Your work as an intern will involve contributing to a national survey aimed at better understanding mental health perceptions across Brazil. You’ll have the chance to hone your data processing and analysis skills, and you’ll be involved in the creation of essential reports and literature reviews.
Live and work in Cambodia as you support an organization committed to breaking the poverty cycle by providing holistic mental, medical, and social support to families. This versatile internship is perfect for young psychologists, social workers, and healthcare professionals ready to make a global impact.
Based in Siem Reap, our organization operates 11 integrated programs centered around education, nutrition, and health, ensuring children and families receive comprehensive support.
As an intern, you’ll help enhance mental and physical development programs, working alongside local social workers to improve care practices, introduce innovative strategies, and provide training. This will provide you with skill-building opportunities and practical experience while allowing you to make a tangible difference in children’s lives.
Gain hands-on, international experience in supporting disadvantaged young girls in Cusco, Peru, and help break the cycle of poverty and gender inequality.
You’ll work closely with a lead psychologist, conducting evaluations, guiding these girls toward a brighter future, and expanding the program’s reach. Your time will be spent supporting girls aged 14 to 20 from extremely poor, single-parent families that often have troubling or complicated dynamics.
Psychology interns play an important role in conducting psychological evaluations of individual girls and advising on potential treatments, as well as working with families on education-related issues. This internship offers practical expertise in youth-based educational psychology, exposure to nonprofit work, and international insight into psychology careers.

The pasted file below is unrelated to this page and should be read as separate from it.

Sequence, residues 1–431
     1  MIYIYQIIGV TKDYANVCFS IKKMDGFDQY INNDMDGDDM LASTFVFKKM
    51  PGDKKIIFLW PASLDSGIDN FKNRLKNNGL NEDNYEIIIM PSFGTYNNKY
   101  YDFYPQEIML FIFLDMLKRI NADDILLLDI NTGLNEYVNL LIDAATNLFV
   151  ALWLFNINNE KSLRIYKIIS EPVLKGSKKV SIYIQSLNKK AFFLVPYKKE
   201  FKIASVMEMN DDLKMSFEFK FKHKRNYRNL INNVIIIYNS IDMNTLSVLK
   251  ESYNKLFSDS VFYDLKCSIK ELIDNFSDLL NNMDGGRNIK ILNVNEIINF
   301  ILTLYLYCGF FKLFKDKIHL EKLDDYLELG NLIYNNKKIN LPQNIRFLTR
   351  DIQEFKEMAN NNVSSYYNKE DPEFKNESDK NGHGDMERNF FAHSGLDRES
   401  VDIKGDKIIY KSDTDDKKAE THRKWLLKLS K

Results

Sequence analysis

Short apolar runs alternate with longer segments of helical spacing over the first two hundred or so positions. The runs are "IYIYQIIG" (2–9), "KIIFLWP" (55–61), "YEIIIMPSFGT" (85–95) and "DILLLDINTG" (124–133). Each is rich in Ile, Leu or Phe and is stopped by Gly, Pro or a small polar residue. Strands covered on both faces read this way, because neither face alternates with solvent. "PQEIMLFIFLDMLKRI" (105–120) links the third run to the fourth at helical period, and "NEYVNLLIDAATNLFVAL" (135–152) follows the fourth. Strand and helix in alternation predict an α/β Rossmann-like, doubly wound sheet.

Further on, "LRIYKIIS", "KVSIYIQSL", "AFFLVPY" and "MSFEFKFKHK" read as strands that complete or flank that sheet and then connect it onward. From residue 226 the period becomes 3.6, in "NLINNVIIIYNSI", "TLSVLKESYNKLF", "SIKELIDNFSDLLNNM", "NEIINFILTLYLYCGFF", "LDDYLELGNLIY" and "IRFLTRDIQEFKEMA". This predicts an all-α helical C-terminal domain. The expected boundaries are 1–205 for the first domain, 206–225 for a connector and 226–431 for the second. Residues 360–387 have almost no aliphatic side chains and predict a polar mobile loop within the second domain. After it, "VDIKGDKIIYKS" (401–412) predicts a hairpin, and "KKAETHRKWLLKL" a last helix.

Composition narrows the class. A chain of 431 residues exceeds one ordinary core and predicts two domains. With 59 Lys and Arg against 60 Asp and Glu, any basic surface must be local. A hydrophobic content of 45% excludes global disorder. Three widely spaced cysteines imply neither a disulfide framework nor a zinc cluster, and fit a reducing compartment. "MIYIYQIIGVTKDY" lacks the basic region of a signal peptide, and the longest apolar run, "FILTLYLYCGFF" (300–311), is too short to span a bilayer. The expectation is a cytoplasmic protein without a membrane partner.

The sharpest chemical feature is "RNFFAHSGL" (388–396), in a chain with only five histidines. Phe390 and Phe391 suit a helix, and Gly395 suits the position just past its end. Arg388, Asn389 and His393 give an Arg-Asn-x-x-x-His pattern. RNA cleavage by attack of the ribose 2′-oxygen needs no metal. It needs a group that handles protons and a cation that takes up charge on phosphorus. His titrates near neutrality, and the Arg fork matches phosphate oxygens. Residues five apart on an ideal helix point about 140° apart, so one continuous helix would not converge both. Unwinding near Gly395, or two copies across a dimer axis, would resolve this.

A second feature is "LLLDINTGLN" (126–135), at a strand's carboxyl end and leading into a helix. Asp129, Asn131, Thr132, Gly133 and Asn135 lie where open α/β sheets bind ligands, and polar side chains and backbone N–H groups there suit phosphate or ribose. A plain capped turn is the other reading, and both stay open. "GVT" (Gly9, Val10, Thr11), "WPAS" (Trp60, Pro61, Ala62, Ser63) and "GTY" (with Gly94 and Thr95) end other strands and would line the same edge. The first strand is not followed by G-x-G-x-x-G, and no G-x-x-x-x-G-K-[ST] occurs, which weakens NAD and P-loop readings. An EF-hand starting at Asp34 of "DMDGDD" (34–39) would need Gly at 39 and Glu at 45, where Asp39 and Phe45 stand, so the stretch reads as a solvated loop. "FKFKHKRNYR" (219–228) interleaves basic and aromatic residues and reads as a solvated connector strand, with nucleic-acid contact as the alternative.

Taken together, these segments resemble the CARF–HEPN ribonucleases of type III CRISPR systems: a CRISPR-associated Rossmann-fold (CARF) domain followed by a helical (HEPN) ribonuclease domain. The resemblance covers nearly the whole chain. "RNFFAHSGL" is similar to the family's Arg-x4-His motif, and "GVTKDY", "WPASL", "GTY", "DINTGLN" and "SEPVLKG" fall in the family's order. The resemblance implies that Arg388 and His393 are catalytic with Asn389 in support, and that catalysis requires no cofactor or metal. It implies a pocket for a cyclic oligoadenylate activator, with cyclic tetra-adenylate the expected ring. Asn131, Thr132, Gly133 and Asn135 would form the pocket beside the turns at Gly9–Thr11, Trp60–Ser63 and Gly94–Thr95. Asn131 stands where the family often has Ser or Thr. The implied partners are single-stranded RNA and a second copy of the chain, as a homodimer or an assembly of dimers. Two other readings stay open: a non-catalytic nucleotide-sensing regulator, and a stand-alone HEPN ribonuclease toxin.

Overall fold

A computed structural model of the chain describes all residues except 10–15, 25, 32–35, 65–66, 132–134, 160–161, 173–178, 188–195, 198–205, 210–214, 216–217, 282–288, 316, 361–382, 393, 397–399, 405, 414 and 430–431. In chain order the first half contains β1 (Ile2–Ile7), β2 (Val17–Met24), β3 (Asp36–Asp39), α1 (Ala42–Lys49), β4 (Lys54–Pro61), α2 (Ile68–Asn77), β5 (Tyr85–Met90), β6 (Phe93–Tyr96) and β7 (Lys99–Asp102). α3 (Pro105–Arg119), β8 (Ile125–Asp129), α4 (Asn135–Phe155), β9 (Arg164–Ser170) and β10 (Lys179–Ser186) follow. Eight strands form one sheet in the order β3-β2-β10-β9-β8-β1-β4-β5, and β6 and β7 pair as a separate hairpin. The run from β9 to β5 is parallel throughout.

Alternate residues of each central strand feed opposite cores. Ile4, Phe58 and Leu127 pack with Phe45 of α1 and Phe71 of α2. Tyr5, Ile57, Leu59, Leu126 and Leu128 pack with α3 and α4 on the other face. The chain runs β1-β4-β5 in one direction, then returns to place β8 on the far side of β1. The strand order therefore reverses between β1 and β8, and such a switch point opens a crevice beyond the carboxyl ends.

Discover the world of mental health care with this practical psychology internship in Cape Town, South Africa.
This program places you with mental health facilities that best match your skills and wishes. You could join psychiatric hospitals or counseling centers, where you’ll shadow professionals and assist in group sessions and individual counseling.
Under the guidance of experienced therapists, you’ll gain hands-on experience supporting important mental health programs and nonprofit organizations. This versatile internship is your chance to make a difference in mental health in the vibrant city of Cape Town while exploring your specialization and building a great foundation for your career.
Why should you do a Psychology Internship with an NGO?
What are internships for psychology students? They are a fantastic way to build skills, gain hands-on experience, and build a professional network. What are internships for psychology students in the nonprofit sector? All of the same things, plus the chance, contribute to making a positive impact in the world. In fact, there are also many unique learning opportunities to be found within the nonprofit sector.
The only drawback is that they can be slightly more difficult to find. That’s why it’s worth getting a little help. When applying for an internship with Roots, you’ll benefit from our years of experience, our expansive network of nonprofit partners, and comprehensive support throughout the process from our dedicated, diligent team.
This blog was written by Tom Rusbridge